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Tejo, Colombia's Explosive National Sport

Written by Milton Ramirez · Translated by Gabriela García Calderón On 17 June 2014 @ 17:00 pm | No Comments

In Arts & Culture, Citizen Media, Colombia, Latin America, Quick Reads, Spanish, Sport

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Photo by blog Los Mundos de Hachero, used with permission.

Tejo [1] or turmequé, a national sport in Colombia since 2000, has its origins in other game played in the Muisca community, which inhabited the Bogotá savannah 500 years ago, as Spanish journalist Jose Sanchez Hachero blogs on Los Mundos de Hachero.

Back then, the game was known as “zepguagoscua”. Tejo is meant for socializing and gambling, generally with beer drinks. Sanchez Hachero describes [2] how it's organized:

[El juego] consiste en lanzar un disco metálico a través de una cancha en cuyos extremos se colocan unas cajas cubiertas de arcilla en la que yacen enterradas mechas (bolsitas) de pólvora que explotarán cuando se logre el impacto. El objetivo está en el centro de la caja, una suerte de círculo señalado por unas flechitas bajo el que se supone está la gran mecha. La diana se llama bocín y si tiene usted la dicha de aterrizar el disco metálico en semejante lugar se llevará seis puntos. El primero que reviente 9 mechas, a razón de tres puntos por explosión, se lleva el juego. Los puntos cambian según la puntería del tirador y si el proyectil impacta en el centro se otorgarán seis puntos, como decía, pero si la carambola es doble, es decir, en el centro y en una mecha, entonces el agraciado se llevará nueve puntos y los colombianos llaman a semejante gesta ‘Moñona’.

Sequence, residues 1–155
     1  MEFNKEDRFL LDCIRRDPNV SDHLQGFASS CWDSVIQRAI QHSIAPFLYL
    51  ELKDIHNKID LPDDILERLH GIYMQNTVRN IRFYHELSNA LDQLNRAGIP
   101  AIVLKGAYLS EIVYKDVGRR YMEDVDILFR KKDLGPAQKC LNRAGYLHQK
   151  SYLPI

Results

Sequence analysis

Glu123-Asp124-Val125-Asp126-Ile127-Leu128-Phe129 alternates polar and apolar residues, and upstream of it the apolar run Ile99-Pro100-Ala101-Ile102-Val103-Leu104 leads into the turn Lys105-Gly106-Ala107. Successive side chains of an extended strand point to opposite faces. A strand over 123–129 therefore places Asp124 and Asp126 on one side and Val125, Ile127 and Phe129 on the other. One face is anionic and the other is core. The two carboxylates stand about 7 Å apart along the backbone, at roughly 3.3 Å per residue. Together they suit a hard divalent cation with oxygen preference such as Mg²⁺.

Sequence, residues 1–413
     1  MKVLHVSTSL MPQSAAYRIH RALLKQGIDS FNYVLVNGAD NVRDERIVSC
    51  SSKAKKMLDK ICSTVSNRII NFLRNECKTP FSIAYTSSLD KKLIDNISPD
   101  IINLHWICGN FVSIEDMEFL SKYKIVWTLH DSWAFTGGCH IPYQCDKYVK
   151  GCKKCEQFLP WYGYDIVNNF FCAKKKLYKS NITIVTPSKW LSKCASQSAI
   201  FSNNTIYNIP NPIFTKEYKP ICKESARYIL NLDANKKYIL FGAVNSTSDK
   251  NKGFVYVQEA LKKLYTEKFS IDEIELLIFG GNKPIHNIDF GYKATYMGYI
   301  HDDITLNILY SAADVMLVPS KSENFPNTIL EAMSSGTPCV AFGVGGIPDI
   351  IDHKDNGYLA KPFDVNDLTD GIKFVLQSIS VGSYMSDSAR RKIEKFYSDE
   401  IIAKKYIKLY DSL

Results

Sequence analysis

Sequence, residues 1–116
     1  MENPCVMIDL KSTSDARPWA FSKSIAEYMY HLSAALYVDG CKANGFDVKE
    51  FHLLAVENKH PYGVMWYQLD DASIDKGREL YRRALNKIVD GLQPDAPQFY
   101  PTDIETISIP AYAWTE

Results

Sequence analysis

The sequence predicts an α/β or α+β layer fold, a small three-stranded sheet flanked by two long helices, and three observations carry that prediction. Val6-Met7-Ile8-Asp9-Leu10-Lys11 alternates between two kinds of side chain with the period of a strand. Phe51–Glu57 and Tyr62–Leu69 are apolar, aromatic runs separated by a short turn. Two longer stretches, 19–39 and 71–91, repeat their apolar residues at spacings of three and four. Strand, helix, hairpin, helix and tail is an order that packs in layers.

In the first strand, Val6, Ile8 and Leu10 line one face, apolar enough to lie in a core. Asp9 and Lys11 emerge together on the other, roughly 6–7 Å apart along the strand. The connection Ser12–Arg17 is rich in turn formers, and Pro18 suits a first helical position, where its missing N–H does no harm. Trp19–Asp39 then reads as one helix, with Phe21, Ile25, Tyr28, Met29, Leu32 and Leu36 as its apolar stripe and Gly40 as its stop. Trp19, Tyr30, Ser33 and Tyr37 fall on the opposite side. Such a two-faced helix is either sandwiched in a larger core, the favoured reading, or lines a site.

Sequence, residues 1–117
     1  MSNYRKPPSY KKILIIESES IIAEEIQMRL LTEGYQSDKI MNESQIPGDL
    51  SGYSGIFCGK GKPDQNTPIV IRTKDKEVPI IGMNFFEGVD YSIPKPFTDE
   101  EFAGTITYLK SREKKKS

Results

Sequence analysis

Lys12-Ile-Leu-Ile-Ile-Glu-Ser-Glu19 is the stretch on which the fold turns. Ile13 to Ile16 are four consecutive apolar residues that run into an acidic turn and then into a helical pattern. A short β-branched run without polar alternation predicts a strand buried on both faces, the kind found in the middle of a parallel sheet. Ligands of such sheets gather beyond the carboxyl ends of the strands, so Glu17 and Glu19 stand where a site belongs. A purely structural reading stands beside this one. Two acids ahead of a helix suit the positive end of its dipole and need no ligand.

[The game] consists of throwing a metal disc across a field where on each side clay-covered boxes are placed with little bags full of gunpowder that will detonate on impact. The goal is to get to the center of the box, a sort of circle pointed to by some arrows, where the big fuse is. The target is known as “bocín” and if you are lucky enough and your disc lands on the spot, you earn six points. The first one who hits nine fuses, three points per blow, wins the game. Points may change according to the shooter's aim, and if the projectile hits the center, you get six points. But if you get a double shoot, that is, on the center and a fuse, then the lucky one will earn nine points. Colombians know that prowess as “Moñona.”

Follow Sanchez Hachero on Twitter [3].


Article printed from Global Voices: http://globalvoicesonline.org

URL to article: http://globalvoicesonline.org/2014/06/17/tejo-colombian-national-sport/

URLs in this post:

[1] Tejo: http://en.wikipedia.org/wiki/Tejo_(sport)

[2] describes: http://www.losmundosdehachero.com/viaje-colombia-jugando-al-tejo/

[3] Twitter: https://twitter.com/jsanchezhachero

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